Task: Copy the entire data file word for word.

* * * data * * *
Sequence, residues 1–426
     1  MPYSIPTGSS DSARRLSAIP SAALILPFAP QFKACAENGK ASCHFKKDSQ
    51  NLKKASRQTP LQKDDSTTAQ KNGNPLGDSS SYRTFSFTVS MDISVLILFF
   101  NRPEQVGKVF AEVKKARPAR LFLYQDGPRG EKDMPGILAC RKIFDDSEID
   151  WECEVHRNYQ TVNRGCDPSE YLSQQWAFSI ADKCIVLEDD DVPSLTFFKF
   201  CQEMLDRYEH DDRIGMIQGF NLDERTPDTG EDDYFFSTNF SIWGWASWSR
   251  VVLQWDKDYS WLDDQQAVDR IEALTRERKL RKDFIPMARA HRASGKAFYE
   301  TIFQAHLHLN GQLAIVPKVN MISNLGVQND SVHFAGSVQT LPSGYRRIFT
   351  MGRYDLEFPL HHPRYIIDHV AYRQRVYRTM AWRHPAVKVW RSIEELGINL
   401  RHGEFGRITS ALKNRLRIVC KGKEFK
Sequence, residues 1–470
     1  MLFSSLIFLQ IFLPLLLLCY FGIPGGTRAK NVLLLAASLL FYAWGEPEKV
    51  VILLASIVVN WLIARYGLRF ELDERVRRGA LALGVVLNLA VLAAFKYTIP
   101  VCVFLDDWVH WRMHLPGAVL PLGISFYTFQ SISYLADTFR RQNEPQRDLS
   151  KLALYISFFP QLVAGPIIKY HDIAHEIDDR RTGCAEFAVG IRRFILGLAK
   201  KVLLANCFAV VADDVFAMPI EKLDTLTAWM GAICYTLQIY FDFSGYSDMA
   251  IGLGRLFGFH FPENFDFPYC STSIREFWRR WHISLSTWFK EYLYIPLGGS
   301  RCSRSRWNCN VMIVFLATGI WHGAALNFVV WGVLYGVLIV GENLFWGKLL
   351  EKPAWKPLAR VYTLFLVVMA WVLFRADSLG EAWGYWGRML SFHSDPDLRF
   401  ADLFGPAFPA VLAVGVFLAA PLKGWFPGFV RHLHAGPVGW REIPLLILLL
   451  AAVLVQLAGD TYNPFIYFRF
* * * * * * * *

Sequence, residues 1–426
     1  MPYSIPTGSS DSARRLSAIP SAALILPFAP QFKACAENGK ASCHFKKDSQ
    51  NLKKASRQTP LQKDDSTTAQ KNGNPLGDSS SYRTFSFTVS MDISVLILFF
   101  NRPEQVGKVF AEVKKARPAR LFLYQDGPRG EKDMPGILAC RKIFDDSEID
   151  WECEVHRNYQ TVNRGCDPSE YLSQQWAFSI ADKCIVLEDD DVPSLTFFKF
   201  CQEMLDRYEH DDRIGMIQGF NLDERTPDTG EDDYFFSTNF SIWGWASWSR
   251  VVLQWDKDYS WLDDQQAVDR IEALTRERKL RKDFIPMARA HRASGKAFYE
   301  TIFQAHLHLN GQLAIVPKVN MISNLGVQND SVHFAGSVQT LPSGYRRIFT
   351  MGRYDLEFPL HHPRYIIDHV AYRQRVYRTM AWRHPAVKVW RSIEELGINL
   401  RHGEFGRITS ALKNRLRIVC KGKEFK
Sequence, residues 1–470
     1  MLFSSLIFLQ IFLPLLLLCY FGIPGGTRAK NVLLLAASLL FYAWGEPEKV
    51  VILLASIVVN WLIARYGLRF ELDERVRRGA LALGVVLNLA VLAAFKYTIP
   101  VCVFLDDWVH WRMHLPGAVL PLGISFYTFQ SISYLADTFR RQNEPQRDLS
   151  KLALYISFFP QLVAGPIIKY HDIAHEIDDR RTGCAEFAVG IRRFILGLAK
   201  KVLLANCFAV VADDVFAMPI EKLDTLTAWM GAICYTLQIY FDFSGYSDMA
   251  IGLGRLFGFH FPENFDFPYC STSIREFWRR WHISLSTWFK EYLYIPLGGS
   301  RCSRSRWNCN VMIVFLATGI WHGAALNFVV WGVLYGVLIV GENLFWGKLL
   351  EKPAWKPLAR VYTLFLVVMA WVLFRADSLG EAWGYWGRML SFHSDPDLRF
   401  ADLFGPAFPA VLAVGVFLAA PLKGWFPGFV RHLHAGPVGW REIPLLILLL
   451  AAVLVQLAGD TYNPFIYFRF